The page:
Volume 8 Number 5
May 14 - June 9 2012
Despite recent floods at the end of the twelve year south-eastern Australian drought, more dry seasons are predicted – and now is the perfect time to plan and make sure we are prepared.
In the first Australian systems-scale, interdisciplinary study of its kind, the three year Farms, Rivers and Markets (FRM) project conducted research into how water is delivered, used and conserved in Australia’s farms and rivers, with a view to improving ecological health of river systems and sustainability on farms.
The 60 person-strong research team spanned University of Melbourne faculties and schools, Monash University, and the Murray-Darling Freshwater Research Centre.
University of Melbourne project leader John Langford says innovation across disciplines to do more with less water is a strong insurance policy for farm profitability and river health in a world of more constrained and uncertain water availability. “Through major changes on the farm, in rivers and at organisational levels, we can facilitate effective water use decisions that benefit the community and environment”, he says
“By introducing more flexibility and choice into the way we manage our water resources, we can be more responsive to changing conditions and boost whole system performance.”
FRM research was conducted on the Broken River, as it has many characteristics and management issues in common with the southern Murray-Darling Basin. Water efficiency and farming system experiments were conducted at the University of Melbourne’s Dookie campus near Shepparton and on surrounding farms.
Professor Andrew Western, based at the University of Melbourne’s School of Engineering, says the application of automatic control engineering to river operations has the potential to improve environmental performance and service level for irrigators.
“Slackwater environments are stretches of water in river channels with little or no current and are significant biodiversity hotspots, essential to the long-term ecological health of Australia’s river systems. Automatic control can reduce flow rates and variations in flow rates, and in turn increase slackwater habitat if this objective is built into the system,” says Professor Western.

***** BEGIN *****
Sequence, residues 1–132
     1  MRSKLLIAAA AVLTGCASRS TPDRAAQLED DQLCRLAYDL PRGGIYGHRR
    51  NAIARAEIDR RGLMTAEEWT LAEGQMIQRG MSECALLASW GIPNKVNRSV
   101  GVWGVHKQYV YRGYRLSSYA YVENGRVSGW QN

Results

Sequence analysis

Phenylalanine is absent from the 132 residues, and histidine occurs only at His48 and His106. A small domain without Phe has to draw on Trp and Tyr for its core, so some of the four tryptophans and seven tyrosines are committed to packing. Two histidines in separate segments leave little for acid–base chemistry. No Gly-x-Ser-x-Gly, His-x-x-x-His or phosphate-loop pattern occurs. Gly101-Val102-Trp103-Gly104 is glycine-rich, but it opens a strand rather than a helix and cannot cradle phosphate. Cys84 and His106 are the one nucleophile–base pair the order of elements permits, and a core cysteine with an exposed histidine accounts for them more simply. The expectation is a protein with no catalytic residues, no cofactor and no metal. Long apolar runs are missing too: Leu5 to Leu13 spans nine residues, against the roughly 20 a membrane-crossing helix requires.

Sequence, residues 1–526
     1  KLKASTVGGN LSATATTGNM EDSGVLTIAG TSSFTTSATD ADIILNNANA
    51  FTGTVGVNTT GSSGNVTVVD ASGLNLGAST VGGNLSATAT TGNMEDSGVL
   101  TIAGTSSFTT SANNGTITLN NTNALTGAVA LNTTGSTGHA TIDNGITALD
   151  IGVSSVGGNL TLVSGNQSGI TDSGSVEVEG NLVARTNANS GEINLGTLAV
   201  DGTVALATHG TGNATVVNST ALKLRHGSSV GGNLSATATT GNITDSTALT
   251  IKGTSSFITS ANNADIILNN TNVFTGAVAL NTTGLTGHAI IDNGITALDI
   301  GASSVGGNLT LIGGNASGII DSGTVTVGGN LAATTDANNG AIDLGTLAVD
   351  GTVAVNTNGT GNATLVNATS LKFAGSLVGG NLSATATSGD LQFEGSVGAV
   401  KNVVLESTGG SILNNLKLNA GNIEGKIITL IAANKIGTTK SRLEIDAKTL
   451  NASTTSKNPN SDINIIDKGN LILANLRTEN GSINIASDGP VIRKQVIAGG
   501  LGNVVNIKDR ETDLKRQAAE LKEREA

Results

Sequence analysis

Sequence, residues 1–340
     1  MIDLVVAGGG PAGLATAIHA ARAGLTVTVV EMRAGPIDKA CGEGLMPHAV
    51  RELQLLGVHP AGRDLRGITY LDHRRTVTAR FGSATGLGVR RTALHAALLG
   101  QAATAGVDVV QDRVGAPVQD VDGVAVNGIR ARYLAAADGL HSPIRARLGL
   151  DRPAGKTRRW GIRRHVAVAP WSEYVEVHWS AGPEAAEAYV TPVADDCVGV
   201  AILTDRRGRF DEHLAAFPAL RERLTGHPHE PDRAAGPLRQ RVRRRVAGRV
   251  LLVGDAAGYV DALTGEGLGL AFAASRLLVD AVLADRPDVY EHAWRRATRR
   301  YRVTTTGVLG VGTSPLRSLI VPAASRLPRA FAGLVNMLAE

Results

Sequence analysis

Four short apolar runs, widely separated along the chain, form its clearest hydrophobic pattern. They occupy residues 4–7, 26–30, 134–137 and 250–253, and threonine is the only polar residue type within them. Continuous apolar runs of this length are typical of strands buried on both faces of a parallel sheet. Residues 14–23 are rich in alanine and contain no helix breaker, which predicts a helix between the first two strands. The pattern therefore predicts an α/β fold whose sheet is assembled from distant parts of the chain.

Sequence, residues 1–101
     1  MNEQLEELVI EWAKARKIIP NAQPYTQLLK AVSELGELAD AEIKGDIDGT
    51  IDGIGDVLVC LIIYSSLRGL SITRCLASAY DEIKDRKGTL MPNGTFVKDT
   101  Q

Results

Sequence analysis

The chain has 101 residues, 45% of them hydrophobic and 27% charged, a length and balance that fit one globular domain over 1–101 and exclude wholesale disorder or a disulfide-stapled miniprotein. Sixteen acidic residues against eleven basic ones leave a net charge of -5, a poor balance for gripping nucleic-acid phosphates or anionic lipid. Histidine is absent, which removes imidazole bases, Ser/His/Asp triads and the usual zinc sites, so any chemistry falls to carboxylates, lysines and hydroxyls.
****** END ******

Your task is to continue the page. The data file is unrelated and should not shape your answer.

In addition to helping maintain more appropriate ecological conditions, the system enables water authorities to decide whether the release volume or the ordering times (or both) should be reduced, strengthening flexibility in how rivers are managed.
“Under current practice, irrigators need to order water four days in advance. But depending on the operational priorities set, automatic control systems can deliver water in as little as one or two days,” says Professor Western.
To characterise joint benefits for the environment and agriculture and support proper water use decisions, FRM developed an analysis framework to inform water resource sharing between the agricultural and environmental sectors.
Professor Ben Gawne of the Murray-Darling Freshwater Research Centre says data collection and measurement of species populations, together with demographic modelling, could become a useful tool to inform environmental water planning.
“This understanding of ecological consequences brings us great potential to improve slackwater habitat, conserve wetland ecosystems, and support flood-dependent forests,” he says.
Snow Barlow, from the University of Melbourne’s School of Land and Environment, says FRM research also explored how water can be used more effectively so farms remain economically viable under changing climates.
The Project conducted systems-scale experiments in irrigated dairy farming, broadacre cropping and grazing, and smart irrigation in horticulture and viticulture enterprises.
“The dairy farming system experiment demonstrated that profitability can be maintained under low water allocations, with initial results providing valuable insights to new management strategies,” says Professor Barlow.
In another systems-scale trial, FRM demonstrated the potential of opportunistic dryland summer cropping. The trial was conducted in partnership with Riverine Plains and local farmer David Cook on his property at Pine Lodge, east of Shepparton, Victoria.
“The trial was set up to see if summer crops have a fit in our dryland cropping system, as we have had significant rainfall in recent summers,” Mr Cook says. “As a result of the experience I gained during the trial, I’ve sown and harvested millet for seed production the last two years, in paddocks affected by the floods in 2010 and waterlogging in 2011.
“The cash flow from the millet has more than made up for the winter crop loss, while wheat has been sown straight back into the millet stubble. The ability to do this has totally changed the way we look at summer rain – it now potentially extends our sowing window from two months to six months.”
Professor Barlow says this is an excellent demonstration of the value in research co-development with leading farmers.
FRM is an initiative of Uniwater, a research incubator linking the University of Melbourne and Monash University. It was funded by the National Water Commission, the Victorian Water Trust, the Dookie Farms 2000 Project Fund and the University of Melbourne, and supported by the Victorian Departments of Sustainability and Environment and Primary Industries, the Goulburn Broken Catchment Management Authority and Goulburn-Murray Water.
FRM results were recently released in full through a publications suite including an overview report, factsheets and in-depth reports